“It is not the daily increase but the daily decrease, hack away at the unessential” – Bruce Lee

Something that has consistently driven me bonkers in my career is the prevalent obsession with activity over intentional thinking and planning. “Activity bias” is the deceptive notion that any activity is better than “inaction.” Even worse is ‘checking in’ on the status of non-sensical work (I’ve been on ‘status update’ meetings for pointless tasks at 5pm on a Tuesday and then the next one at 10am the following Wednesday).

It seems to me that the problem is getting worse – an increase in “the work around the work” seems quite prevalent in many fields, at least judging from what I see posted in my feed.

From a decision-making perspective, activity bias detracts from decision quality. Difficult decisions often involve spotting and considering trade-offs – that is, when making a decision, you also need to be clear about what it is you are actively deciding *not* to do. The time we have is not infinite.

🗓 A way to combat activity bias (not just with decisions) is to schedule time to think and reflect. Another way is to build in time to ‘actively plan’: tinker or experiment with things deliberately knowing they may not go anywhere.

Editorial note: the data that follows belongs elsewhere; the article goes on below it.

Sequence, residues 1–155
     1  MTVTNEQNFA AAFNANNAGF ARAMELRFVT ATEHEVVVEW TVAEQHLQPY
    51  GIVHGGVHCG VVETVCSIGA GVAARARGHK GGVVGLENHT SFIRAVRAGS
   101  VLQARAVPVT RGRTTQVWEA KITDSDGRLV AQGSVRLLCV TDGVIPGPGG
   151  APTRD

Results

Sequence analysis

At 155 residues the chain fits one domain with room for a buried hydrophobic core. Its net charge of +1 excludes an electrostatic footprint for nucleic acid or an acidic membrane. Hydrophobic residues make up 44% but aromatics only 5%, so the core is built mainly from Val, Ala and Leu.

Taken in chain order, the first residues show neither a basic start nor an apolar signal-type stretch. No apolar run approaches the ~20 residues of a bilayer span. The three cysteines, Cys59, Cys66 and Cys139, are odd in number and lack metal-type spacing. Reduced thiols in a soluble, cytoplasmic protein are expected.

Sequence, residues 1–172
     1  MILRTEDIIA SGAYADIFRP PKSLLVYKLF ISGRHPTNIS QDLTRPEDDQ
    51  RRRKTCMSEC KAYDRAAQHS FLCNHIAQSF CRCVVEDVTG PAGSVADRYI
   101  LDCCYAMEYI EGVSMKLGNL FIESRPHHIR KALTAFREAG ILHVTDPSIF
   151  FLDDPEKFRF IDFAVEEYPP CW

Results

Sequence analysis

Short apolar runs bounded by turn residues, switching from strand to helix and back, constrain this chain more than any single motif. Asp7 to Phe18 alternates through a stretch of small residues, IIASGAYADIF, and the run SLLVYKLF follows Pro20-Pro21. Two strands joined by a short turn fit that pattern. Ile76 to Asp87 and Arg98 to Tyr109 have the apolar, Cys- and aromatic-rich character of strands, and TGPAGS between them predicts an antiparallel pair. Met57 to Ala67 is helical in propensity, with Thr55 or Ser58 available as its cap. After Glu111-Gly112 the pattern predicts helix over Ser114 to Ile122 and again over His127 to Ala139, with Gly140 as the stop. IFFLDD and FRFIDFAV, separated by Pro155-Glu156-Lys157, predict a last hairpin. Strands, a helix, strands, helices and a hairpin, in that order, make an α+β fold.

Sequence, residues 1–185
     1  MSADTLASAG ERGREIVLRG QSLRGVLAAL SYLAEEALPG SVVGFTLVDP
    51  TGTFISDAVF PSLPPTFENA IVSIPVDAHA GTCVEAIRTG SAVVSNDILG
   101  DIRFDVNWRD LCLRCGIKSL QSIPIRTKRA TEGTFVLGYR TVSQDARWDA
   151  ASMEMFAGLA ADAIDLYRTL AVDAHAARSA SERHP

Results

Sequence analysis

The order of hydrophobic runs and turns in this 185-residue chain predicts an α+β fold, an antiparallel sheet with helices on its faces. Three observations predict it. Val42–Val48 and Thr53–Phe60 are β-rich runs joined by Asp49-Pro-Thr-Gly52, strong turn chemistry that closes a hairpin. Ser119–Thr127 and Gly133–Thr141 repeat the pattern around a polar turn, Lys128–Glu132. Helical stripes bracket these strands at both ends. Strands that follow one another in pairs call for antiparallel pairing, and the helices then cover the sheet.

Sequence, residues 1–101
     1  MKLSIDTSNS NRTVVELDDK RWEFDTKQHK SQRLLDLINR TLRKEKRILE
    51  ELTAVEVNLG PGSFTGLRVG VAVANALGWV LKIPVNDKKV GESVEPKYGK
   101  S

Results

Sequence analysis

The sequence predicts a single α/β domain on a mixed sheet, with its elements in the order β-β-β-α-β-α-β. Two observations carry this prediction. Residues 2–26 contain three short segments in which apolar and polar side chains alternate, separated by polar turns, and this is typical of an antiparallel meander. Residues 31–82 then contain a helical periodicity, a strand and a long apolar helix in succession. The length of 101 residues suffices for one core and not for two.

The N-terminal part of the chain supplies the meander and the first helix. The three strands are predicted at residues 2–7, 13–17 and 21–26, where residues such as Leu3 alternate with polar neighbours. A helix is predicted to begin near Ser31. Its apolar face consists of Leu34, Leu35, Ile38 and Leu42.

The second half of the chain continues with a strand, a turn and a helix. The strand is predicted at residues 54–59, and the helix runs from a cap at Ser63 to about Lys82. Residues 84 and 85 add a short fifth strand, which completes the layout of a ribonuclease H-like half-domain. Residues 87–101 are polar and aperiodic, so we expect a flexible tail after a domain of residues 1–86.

Organisations often consider thinking and planning as wasted, inactive time. How wrong they are.

Good planning and thinking are very deliberate but require a balance of structure and space for creativity and serendipity. Sometimes “doing nothing” is one of the best investments in time you can make.

And, when you are ready to act, you can do so much more swiftly and effectively.

I block out time in my calendar for this. When leading teams, I have also encouraged people to do the same. However, I have supplemented this with questions to consider and some tools to use to play with a problem or ideas.

📷 – Ilia Zolas on Unsplash